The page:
List of Medical Terms and Definitions

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Acne – Acne is a common skin condition that occurs when hair follicles become clogged with oil and dead skin cells, resulting in the formation of pimples, blackheads, and whiteheads on the face, neck, chest, and back. It is most commonly associated with puberty and adolescence, but can affect people of all ages. Treatment options include over-the-counter creams and cleansers, prescription medications, and lifestyle changes such as diet and stress management.

Abdominal Aortic Aneurysm – Abdominal Aortic Aneurysm (AAA) is a bulge or swelling that occurs in the aorta, the main blood vessel that carries blood from the heart to the abdomen and legs. AAA is most commonly caused by a weakening of the aortic wall, and can grow slowly over time without symptoms. However, if the aneurysm ruptures, it can cause life-threatening bleeding. Treatment options include surgery or endovascular repair, and regular monitoring is recommended for individuals at risk.

Anxiety – a mental health condition which is characterized by feelings of apprehension, fear, and worry. It is common all over the world. There are many types of anxiety disorders.

Appendicitis – inflammation and infection of the appendix. It is a serious and painful condition that needs immediate treatment. Untreated appendicitis can lead to death.

Arthritis – inflammation of one or more of the joints, such as the knee, ankle, knuckle, wrist, and elbow. The inflammation can cause pain, stiffness, and swelling. There are hundreds of types.

Asthma – a chronic (long-term) respiratory condition in which the patient’s airways become inflamed and narrow. Asthma patients have problems breathing properly during an attack or exacerbation.


Bacteria – single-celled microorganisms that may be good or bad for human health, other animals, plants, and the environment. There are many different types.

Bacterial Vaginosis – Bacterial vaginosis (BV) is a common vaginal infection caused by an imbalance of bacteria in the vagina, which can lead to an overgrowth of harmful bacteria. Symptoms may include vaginal discharge, odor, and itching, but some individuals may not experience any symptoms. BV is typically treated with antibiotics, but recurrence is common. Maintaining good vaginal hygiene and avoiding certain behaviors such as douching may help prevent BV.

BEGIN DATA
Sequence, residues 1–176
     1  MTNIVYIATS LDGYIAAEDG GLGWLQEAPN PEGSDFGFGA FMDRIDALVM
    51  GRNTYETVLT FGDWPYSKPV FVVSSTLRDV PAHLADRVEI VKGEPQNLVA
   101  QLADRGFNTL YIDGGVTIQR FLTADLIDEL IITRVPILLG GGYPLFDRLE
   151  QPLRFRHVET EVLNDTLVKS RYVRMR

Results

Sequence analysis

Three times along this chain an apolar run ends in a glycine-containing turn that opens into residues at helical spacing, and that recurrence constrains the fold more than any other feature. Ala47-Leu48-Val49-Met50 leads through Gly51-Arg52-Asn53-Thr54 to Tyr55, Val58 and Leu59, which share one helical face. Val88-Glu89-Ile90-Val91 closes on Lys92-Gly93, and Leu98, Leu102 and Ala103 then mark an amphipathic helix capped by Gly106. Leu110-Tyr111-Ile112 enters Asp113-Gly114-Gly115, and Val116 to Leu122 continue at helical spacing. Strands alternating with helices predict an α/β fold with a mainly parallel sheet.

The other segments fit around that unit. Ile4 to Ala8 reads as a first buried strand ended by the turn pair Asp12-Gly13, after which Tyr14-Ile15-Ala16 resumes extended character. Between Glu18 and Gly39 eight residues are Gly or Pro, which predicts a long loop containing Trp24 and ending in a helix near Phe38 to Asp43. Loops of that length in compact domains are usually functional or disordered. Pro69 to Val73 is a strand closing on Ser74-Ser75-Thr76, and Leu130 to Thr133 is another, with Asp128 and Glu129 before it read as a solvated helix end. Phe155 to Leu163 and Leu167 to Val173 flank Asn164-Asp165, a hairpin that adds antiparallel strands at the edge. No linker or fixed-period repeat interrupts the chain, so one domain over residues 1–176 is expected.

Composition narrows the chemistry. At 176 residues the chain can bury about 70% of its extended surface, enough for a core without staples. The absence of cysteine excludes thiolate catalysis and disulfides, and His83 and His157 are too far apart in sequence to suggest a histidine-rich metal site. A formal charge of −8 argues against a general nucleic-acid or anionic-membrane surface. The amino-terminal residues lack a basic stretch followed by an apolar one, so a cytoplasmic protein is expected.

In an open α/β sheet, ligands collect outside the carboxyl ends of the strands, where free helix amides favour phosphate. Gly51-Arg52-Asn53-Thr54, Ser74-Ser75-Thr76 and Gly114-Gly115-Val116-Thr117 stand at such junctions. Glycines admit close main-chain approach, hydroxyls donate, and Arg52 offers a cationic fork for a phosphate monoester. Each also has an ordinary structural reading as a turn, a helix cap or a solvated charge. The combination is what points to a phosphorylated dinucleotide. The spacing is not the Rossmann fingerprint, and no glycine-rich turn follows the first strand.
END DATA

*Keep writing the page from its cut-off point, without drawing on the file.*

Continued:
Cardiovascular Disease – or CVD refers to a disease that affects either the heart, blood vessels, or both. Arteries and veins are blood vessels.

Cancer – a disease in which abnormal cells start dividing and multiplying uncontrollably. Cancer cells invade and destroy healthy tissue. In many cases, the disease is fatal.

Chickenpox – also known as varicella, is a viral infection that causes red or pimk bumps on the skin, which turn into fluid-filled blisters that burst and become scabs. It is more common in children than adults.

Chlamydia – a sexually transmitted infection (STI) that is spread through sexual contact. Patients become infect with the bacterium Chlamydia trachomatis. It is easily treatable with antibiotics.

Common Cold – a viral infection of the upper respiratory tract, i.e., the throat and nose. Although not nice, it is less unpleasant and less serious than flu. Children catch cold much more frequently than adults.


Dengue Fever – a mosquito-borne illness with flu-like signs and symptoms. Complications can be serious. The mosquito exists in tropical and subtropical parts of the world. The number of cases worldwide is growing every year.

Depression – a fairly common and serious mental condition/illness that can really mess with how you feel, think, and behave. But the good news is that it’s treatable.

Diabetes – a chronic condition in which the patient’s body either produces no insulin or cannot use it properly. The number of people with diabetes worldwide has been growing over the past few decades.

Diverticulitis – a condition where small pouches or diverticula become infected or inflamed. The condition is treatable with medications and a change in diet. Sometimes, surgery is needed.


Encephalitis – inflammation of the brain. It is caused by either an infection or an autoimmune response. This is a medical emergency which can lead to serious complications, and even death.

Endometriosis – a gynecological condition (women’s health) in which endometrial tissue grows where it should not, such as the fallopian tubes or bladder. It should only line the outside of the uterus.


Fibromyalgia – a chronic (long-term) condition in which patients experience widespread pain in their muscles, ligaments and tendons. It is not curable but treatment can help manage symptoms and lead a productive life.